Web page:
How a Data Breach Can affect Your Business

data breach

Compromised data allows criminals to impersonate individuals, steal money, and access financial accounts, among other nefarious deeds. With the rise in technology (e.g., online shopping and digital document storage), cybercrimes like data breaches are becoming more prevalent.

However, many businesses, especially small businesses, adopt a “that will never happen to me” attitude. While no one wants to be a data breach victim, it’s essential to note that big and small businesses alike can be cybercrime targets.

So, what is a data breach? 

Essentially, a data breach is a cybercrime whereby an organization’s security has been compromised, causing data to be obtained without authorization. Unlike dumpster diving, technology plays an instrumental role in targeting sensitive information.

Types of data breaches include but are not limited to:

– Stolen information

– Malware or Virus

– Recording keystrokes

– Ransomware

All of which can lead to extortion, fraud, or identity theft.

How does a data breach enable identity theft?

When a business’ data has been breached, customer and employee information like names, birthdates, social insurance numbers, addresses, financial records, and any other crucial insights are in the hands of the hacker. All of which puts your customers’ and employees’ identities at risk.

How does it affect your business?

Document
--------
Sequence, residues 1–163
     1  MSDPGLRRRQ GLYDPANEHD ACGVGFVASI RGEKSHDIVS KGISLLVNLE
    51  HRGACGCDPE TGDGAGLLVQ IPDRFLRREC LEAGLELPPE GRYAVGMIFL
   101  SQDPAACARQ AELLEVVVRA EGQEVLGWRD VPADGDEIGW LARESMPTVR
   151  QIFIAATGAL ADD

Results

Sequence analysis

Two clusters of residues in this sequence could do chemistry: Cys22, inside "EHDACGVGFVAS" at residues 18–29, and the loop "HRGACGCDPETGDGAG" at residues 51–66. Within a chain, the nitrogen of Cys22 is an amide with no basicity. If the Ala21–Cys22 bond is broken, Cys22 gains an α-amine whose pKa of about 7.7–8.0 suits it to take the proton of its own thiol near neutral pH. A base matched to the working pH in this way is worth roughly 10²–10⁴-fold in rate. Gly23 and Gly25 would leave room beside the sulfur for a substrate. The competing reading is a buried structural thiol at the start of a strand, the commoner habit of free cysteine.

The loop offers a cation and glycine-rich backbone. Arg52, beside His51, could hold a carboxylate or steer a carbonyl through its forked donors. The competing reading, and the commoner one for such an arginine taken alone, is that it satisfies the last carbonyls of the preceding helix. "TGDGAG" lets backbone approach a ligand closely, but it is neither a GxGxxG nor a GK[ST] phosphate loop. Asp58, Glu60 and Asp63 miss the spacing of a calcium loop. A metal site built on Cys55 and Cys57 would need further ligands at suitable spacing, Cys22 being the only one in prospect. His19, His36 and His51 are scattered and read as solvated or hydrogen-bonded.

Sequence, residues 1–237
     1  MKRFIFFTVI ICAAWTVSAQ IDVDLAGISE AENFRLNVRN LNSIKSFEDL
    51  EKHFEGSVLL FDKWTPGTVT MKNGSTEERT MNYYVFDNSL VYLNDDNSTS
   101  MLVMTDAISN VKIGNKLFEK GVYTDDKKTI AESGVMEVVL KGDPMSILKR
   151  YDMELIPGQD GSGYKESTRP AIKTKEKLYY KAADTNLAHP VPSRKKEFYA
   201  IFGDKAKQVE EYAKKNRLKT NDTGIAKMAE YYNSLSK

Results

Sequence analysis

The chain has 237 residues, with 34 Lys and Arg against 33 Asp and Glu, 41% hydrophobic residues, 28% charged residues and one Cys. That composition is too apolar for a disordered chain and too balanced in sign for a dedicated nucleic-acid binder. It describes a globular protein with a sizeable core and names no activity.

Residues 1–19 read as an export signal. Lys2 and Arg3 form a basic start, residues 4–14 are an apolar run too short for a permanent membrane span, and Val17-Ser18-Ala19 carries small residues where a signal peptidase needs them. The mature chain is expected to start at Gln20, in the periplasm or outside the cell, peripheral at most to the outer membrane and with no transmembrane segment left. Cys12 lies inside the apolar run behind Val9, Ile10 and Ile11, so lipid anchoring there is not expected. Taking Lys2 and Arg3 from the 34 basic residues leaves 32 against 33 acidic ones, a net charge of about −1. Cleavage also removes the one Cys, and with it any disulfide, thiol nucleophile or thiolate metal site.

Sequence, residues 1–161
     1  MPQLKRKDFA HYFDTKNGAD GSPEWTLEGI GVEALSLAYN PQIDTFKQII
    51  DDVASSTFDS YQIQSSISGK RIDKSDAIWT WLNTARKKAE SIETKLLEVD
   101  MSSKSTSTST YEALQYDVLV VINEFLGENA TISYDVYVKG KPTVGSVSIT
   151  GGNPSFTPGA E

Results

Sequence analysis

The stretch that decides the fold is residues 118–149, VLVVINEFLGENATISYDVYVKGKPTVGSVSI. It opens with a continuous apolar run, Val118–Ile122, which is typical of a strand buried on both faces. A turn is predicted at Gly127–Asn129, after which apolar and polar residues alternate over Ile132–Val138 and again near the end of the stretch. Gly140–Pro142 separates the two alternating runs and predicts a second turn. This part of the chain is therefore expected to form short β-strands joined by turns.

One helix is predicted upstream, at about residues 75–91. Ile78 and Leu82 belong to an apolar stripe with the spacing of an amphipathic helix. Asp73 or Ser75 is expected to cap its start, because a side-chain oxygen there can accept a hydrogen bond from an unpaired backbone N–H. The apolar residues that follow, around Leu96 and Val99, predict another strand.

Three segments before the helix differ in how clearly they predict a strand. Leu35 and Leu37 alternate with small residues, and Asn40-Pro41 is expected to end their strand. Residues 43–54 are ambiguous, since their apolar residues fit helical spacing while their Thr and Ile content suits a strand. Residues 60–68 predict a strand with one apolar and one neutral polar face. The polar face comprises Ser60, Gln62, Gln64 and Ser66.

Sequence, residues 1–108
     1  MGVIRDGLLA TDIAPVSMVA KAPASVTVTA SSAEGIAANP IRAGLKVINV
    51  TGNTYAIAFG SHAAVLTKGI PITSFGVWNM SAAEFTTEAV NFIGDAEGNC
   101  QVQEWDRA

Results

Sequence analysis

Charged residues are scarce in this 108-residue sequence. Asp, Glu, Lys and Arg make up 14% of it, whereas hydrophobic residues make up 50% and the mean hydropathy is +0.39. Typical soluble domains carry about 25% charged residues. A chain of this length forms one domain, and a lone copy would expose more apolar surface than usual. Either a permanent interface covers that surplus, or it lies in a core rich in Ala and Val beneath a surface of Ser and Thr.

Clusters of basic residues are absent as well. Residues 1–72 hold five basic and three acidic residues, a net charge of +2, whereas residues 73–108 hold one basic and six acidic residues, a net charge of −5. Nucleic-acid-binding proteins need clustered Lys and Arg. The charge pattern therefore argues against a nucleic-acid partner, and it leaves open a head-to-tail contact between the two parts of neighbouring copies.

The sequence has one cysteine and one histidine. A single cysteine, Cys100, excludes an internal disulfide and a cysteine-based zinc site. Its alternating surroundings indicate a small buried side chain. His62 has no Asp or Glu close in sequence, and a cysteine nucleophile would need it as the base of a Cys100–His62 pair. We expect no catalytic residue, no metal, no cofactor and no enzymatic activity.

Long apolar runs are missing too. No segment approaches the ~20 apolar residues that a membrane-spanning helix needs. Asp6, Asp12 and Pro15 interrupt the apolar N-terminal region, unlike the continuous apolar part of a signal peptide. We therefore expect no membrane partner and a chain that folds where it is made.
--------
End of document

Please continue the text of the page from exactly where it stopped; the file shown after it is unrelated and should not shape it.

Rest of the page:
It’s no surprise that a data breach can negatively affect your business. These adverse effects can come in a multitude of ways, like financially. However, one of the most impactful effects is your business’ reputation. Losing the trust of your consumer is devasting. A business’s consumer loyalty is earned through years of hard work and lost in a moment of poor security.

To avoid a data breach, be sure to do the following:

  1. Shred all papers that contain sensitive information.
  2. Use complex passwords.
  3. Set up two-factor verification where available.
  4. Be wary of opening unfamiliar links or attachments.
  5. Do not share sensitive information through unsecured or public networks.

Protecting your business’ data with proper security and protocols is imperative to the life of your business and the individuals that make your business thrive.

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